The study examined the relationship between all-cause mortality and MVRs according to three segmentations:

  • Results by MVR severity (On average, having a major violation elevated an individual’s all-cause mortality by 71 percent.)
  • Results by number of violations (It was found that the more violations on an individual’s MVR, the higher their relative mortality ratio. In particular, individuals with 2–5 violations  experienced 24 percent higher mortality, and those with six or more violations experienced 79 percent higher mortality ratios)
  • Results by number of major violations (Results showed that individuals with a high number of major driving violations represent the worst risks. Having just one major violation on an MVR elevates an individual’s all-cause mortality by 51 percent; with four or more violations, their mortality is more than twice that of individuals without major violations.)

 Can we project any further (if generalized and speculative) conclusions?

  • If MVR violation history is such an indicator of mortality, then would MVR data have a relationship to health care costs or the likelihood of being injured on or off of the job? 
  • Would Usage Based Insurance (using electronic reporting devices linked to your car or truck) be of similar value to rating your life insurance policy or helping you improve your healthcare deductible?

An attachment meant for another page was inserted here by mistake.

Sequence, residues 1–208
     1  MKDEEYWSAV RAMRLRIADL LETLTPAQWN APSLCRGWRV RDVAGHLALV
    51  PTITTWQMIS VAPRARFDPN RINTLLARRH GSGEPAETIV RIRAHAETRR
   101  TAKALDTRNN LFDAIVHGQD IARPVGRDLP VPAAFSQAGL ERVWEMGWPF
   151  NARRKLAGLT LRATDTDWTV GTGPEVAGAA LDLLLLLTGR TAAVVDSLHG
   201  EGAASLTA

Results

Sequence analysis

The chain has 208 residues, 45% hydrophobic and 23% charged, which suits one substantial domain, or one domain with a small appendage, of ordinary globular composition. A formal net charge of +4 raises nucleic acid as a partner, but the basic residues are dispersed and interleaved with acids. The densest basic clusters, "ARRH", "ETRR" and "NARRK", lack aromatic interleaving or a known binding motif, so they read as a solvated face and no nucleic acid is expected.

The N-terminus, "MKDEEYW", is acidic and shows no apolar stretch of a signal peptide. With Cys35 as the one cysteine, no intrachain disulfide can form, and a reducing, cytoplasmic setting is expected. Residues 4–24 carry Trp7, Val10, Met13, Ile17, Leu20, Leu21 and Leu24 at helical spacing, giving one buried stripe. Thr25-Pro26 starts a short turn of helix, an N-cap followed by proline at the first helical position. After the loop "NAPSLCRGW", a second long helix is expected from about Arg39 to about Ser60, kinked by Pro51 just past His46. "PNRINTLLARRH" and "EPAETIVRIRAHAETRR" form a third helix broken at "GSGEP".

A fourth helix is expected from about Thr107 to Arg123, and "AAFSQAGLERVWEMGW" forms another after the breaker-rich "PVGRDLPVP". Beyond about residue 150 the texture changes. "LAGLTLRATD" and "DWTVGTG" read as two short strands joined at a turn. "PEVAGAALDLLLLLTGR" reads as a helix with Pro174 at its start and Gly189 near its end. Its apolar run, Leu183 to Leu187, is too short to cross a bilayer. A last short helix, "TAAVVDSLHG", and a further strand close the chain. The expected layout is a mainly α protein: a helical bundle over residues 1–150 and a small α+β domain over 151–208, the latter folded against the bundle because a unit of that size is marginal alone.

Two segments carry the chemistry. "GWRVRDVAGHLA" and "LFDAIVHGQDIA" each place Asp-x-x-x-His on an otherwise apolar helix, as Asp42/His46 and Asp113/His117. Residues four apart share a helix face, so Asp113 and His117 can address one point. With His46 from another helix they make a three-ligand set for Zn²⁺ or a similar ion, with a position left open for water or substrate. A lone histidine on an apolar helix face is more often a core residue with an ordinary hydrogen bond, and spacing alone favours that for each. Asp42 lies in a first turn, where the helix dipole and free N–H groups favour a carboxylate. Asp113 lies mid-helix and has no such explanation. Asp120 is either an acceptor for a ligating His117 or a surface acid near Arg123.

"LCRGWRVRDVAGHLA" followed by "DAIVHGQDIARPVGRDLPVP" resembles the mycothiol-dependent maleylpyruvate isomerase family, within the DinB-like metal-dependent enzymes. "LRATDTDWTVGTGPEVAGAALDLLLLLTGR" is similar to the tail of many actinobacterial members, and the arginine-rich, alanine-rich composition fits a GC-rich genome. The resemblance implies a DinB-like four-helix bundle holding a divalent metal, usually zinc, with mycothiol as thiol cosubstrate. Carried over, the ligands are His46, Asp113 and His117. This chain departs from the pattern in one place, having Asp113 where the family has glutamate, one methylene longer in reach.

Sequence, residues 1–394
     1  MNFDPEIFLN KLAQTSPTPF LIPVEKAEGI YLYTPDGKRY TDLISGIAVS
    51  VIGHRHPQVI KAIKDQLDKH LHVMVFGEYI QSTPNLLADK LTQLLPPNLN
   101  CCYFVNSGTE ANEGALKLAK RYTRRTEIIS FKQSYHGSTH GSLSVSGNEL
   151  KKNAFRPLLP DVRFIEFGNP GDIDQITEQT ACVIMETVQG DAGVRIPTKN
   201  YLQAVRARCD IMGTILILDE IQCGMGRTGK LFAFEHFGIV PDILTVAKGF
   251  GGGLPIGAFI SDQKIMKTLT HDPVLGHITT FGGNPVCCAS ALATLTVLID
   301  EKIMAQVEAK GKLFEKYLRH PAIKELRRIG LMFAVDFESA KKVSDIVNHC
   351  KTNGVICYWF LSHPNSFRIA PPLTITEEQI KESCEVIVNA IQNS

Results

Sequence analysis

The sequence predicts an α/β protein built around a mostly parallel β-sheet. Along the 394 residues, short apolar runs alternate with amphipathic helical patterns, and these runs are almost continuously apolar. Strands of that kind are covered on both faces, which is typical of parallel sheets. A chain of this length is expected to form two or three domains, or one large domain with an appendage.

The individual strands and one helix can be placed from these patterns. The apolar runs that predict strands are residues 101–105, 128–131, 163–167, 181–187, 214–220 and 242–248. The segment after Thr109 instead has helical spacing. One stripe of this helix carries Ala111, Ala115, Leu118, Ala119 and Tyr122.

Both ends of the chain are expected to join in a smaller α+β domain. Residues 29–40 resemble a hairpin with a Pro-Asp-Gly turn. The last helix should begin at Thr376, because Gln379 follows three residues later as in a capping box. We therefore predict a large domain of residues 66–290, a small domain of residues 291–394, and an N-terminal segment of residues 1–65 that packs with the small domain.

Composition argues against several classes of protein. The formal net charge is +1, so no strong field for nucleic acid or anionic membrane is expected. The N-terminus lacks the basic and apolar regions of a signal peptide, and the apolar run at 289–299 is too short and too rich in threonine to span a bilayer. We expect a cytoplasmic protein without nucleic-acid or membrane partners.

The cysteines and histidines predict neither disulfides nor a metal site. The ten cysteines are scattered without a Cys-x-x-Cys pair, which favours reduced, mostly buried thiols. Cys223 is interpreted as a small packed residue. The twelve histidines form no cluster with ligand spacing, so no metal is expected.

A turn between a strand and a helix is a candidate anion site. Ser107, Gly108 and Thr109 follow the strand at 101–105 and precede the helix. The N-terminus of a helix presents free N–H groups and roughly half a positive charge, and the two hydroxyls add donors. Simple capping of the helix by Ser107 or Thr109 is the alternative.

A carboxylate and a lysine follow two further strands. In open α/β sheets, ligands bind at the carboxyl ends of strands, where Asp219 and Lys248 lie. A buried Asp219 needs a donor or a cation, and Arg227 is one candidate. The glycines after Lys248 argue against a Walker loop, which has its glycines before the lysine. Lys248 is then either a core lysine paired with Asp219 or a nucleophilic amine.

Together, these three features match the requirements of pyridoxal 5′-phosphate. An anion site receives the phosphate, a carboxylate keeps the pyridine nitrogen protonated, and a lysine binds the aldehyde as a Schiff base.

• What’s the net effect of changing your behaviors through driver education and performance monitoring (i.e. use of UBI devices to modify your habits in order to obtain a lower rate on your car insurance – would this translate to leading a longer life than if you had not modified your lifestyle?)

If you’d like to review the source white paper, visit: http://lexisnexis.com/risk/downloads/whitepaper/MVR-mortality.pdf

If you’d like to learn more about our proprietary blended risk scoring that incorporates multiple data sources (i.e. MVR data from states/provinces; telematics; collision data; Motorist Observation Reports, et.al.) give us a call or send us an email!

Are your ACD Codes up to date?

When viewing state MVRs it quickly becomes obvious that each state has unique conviction reporting language and codes inherent to their motor vehicle statutes and specific violation language. Additionally, each state has its own point system that links to suspension of driving privileges.

Since states must communicate with one another and with the National Driver Register (NDR) regarding commercial drivers, problem drivers, and out-of state actions, the question is—how do states know what the conviction codes from other states mean and how do they translate this information into their own language and code set?  In short, how do they make sense of the data if there are fifty standards?

The answer is the states utilize the AAMVA Code Dictionary (ACD) as a translation table. The primary function of the ACD Codes is to enable to the Commercial Driver’s License Information System (CDLIS) to exchange convictions and withdrawals. Other applications use the codes, such as the Problem Driver Pointer System (PDPS), knowing that the ACD Codes are defined for CDLIS.

Fleet managers, safety directors, and human resources teams depend on accurate reporting of MVR data tied to ACD codes.  This enables a fair evaluation of a driver’s history against a set standard within their organization.  This evaluation will typically lead to refresher training and could lead to discipline or removal of driving privileges. 

Because of the seriousness of this evaluation, it’s important that the process be consistent and fair.